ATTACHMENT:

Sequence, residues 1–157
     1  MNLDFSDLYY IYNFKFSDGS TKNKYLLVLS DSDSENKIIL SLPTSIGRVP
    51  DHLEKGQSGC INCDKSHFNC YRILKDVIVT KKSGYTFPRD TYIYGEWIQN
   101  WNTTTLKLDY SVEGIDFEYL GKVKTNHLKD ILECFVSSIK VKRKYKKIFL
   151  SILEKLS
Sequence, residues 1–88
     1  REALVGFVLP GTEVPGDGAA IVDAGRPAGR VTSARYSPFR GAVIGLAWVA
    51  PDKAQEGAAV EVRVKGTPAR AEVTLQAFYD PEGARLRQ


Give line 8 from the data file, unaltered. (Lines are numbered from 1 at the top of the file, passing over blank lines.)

    51  PDKAQEGAAV EVRVKGTPAR AEVTLQAFYD PEGARLRQ